Breaking into Quality: Prioritization as a Pitfall

Our team kept solving the easy stuff, the big deliverables seemed to take forever, and would inevitably come out with major bugs.  Do the right things right… Why not just do that?  For any one product, a number of people and processes come together.  We automatically operated by priority, and this turned out to be the central problem.  The chart below shows a 66% reduction in our severe bug rate since then.


It seemed to be the right thing: when a customer reports a bug of high priority, jump on it.  When a server crashes,  jump on it.  When the senior person finds a critical bug,  jump on it.

In our meetings, the teams decided that instead of “Priority” being our call to action, we should “order” our work, always consuming our backlog from first to last.  Yet, we kept jumping on it.

I lead the team to take an innovative approach that worked:

  • The appropriate response time for a request is decided by the recipient, not by the filer
  • The default assignee of every ticket is the team’s Product Owner
  • Every item has a defined Service Level Agreement (SLA)
  • The default level of service is “P – Product Backlog,” meaning the item will be worked on when placed in a sprint
  • The development team buffers their every sprint plan, so that they can handle any aligned emergent items in a timely manner
  • The support team scrubs all customer-facing tickets, so the scrum team is clear on the acceptance criteria; and vice-versa of providing straight feedback to customers of when/if the issue would be resolved
  • Violations of SLA are reviewed in scrum-of-scrums meetings: principally so only priority P is used wherever possible

Some individuals resisted, knowing that priority was their sneaky way to get people to jump on it.  They agreed to try it, and we never looked back.  Our available work priorities became:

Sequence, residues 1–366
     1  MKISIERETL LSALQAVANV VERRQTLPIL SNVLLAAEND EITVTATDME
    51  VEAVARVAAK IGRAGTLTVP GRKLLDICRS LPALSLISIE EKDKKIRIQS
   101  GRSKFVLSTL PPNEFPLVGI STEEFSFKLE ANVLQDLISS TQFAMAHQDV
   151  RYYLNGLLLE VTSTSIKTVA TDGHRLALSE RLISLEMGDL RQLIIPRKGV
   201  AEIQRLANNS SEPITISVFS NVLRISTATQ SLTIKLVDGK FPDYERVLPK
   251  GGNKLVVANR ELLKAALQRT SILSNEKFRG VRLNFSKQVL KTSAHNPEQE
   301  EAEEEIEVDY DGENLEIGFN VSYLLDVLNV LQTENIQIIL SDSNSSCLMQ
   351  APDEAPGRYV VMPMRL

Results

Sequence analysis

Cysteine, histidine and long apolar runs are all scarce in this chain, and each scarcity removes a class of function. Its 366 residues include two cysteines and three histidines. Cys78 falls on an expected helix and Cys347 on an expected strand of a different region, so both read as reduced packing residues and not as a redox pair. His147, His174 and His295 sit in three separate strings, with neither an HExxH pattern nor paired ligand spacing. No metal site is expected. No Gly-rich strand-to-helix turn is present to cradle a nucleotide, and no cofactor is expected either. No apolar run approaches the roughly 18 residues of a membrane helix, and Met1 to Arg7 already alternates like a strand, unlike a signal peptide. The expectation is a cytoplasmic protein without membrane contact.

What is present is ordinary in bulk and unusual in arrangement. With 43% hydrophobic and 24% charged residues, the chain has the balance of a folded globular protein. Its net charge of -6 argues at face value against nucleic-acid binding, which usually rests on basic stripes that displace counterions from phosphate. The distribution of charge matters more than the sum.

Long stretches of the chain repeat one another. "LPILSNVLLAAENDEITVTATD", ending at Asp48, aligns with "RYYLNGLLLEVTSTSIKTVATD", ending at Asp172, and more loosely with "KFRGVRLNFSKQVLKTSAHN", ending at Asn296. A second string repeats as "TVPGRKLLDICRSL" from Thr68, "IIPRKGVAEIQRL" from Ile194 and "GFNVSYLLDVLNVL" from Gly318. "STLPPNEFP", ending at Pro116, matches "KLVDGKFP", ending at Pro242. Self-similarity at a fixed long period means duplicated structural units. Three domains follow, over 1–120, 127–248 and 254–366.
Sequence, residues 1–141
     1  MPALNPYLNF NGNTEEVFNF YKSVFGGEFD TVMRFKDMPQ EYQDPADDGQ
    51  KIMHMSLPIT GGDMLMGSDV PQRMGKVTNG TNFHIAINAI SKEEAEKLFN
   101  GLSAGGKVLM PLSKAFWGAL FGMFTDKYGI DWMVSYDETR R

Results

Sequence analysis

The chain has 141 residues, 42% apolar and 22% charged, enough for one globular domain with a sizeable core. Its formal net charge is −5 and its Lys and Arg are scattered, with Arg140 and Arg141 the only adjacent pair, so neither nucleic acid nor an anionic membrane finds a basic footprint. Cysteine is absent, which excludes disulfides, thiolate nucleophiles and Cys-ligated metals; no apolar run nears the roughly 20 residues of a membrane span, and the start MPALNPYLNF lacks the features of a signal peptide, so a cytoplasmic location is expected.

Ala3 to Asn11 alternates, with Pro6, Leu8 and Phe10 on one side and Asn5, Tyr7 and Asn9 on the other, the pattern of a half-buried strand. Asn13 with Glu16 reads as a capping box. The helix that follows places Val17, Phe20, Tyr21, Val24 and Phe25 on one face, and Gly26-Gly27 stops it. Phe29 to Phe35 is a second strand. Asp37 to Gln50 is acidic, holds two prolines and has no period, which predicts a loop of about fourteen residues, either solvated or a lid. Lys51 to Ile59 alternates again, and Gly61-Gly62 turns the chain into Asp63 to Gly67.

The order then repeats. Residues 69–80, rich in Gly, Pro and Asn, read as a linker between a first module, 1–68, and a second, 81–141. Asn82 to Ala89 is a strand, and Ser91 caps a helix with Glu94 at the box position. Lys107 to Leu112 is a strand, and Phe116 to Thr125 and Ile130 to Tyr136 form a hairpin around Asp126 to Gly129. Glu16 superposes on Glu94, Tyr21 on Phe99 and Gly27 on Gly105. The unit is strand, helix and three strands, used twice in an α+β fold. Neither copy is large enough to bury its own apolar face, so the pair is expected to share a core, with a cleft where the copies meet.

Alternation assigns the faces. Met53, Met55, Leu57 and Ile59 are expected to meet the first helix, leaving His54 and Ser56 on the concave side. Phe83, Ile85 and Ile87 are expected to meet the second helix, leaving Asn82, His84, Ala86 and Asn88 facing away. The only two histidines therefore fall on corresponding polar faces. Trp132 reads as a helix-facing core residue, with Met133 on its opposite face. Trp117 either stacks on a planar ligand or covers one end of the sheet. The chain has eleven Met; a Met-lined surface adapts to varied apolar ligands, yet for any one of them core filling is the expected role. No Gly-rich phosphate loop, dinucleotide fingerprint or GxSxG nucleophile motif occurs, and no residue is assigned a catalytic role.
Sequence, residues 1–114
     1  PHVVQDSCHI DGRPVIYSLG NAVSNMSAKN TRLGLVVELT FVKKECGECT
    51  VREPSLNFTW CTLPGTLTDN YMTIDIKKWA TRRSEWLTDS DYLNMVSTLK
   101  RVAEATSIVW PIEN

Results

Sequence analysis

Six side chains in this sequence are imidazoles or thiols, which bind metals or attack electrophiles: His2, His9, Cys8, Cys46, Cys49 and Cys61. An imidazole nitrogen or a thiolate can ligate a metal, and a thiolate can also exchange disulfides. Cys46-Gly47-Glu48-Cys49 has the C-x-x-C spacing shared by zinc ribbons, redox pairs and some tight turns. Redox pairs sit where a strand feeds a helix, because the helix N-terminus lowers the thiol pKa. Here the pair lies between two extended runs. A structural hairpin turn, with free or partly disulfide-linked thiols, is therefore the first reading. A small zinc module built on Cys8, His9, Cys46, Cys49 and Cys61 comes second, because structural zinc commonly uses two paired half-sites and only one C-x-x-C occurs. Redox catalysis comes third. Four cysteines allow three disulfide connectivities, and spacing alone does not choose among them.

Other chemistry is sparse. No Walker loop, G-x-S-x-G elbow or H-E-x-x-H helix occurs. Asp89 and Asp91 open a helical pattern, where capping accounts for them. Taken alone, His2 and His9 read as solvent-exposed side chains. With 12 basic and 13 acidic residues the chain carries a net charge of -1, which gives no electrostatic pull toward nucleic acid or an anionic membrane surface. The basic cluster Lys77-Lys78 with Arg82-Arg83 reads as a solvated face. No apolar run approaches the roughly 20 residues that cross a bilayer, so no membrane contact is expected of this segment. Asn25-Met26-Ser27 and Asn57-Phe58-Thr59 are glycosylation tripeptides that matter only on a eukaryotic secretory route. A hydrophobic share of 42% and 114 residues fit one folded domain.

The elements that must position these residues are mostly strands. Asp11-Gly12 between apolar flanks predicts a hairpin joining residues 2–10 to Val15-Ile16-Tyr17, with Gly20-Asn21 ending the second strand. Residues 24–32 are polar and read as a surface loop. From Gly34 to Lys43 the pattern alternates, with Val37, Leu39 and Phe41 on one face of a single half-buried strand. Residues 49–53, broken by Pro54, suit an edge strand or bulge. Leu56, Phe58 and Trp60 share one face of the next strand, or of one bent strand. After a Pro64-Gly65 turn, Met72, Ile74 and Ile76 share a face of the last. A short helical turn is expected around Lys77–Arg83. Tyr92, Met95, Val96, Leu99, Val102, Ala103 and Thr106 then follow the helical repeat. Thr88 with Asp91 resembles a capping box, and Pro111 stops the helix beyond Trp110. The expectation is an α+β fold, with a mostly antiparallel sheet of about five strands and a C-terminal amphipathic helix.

Name Description
1 Critical
2 Very high priority
3 High priority
4 Medium priority
5 Low priority
P Product Backlog Item

Effectively, this focused each team on the work their Product Owner ordered for execution – on the basis of value, effort and ROI.  The outcome was a decrease in bugs of all severities, as shown in the figure below.

All Bugs: Quality (green dots)
All Bugs: Quality (green dots)
Lack of interruptions gave the team the bandwidth it needed to tackle severe long-standing problems; some 6 months old or longer (purple circles).  Taking advantage of this, a number of teams came on strong with quality products that have had few or no severe bugs since then.
Challenged Teams Resolved Long-standing Defects (I)
Challenged Teams Resolved Long-standing Defects (I)

In the case of two less adept teams, the software they developed produced new bugs.  With our new backlog system, they were able to recover rapidly (see the blue line inside the yellow circle.)

Challenged Teams Resolved Long-standing Defects (II)
Challenged Teams Resolved Long-standing Defects (II)

Delivering quality products in a timely fashion, to customers that are excited to use them, requires both:

  • Maximize what will not be done
  • Minimize what will be done now: this is distinct from minimizing work in progress, which is usually understood to mean completing work within a given sprint’s time increment (up to 4 weeks.)

Case studies help agile leaders better understand the benefits and challenges of agility. Pablo Martin Rodriguez-Bertorello, Chief Innovation Officer of Exponential, wrote this case study. Exponential is one of our clients. —Dan Greening, Senex Rex Managing Director

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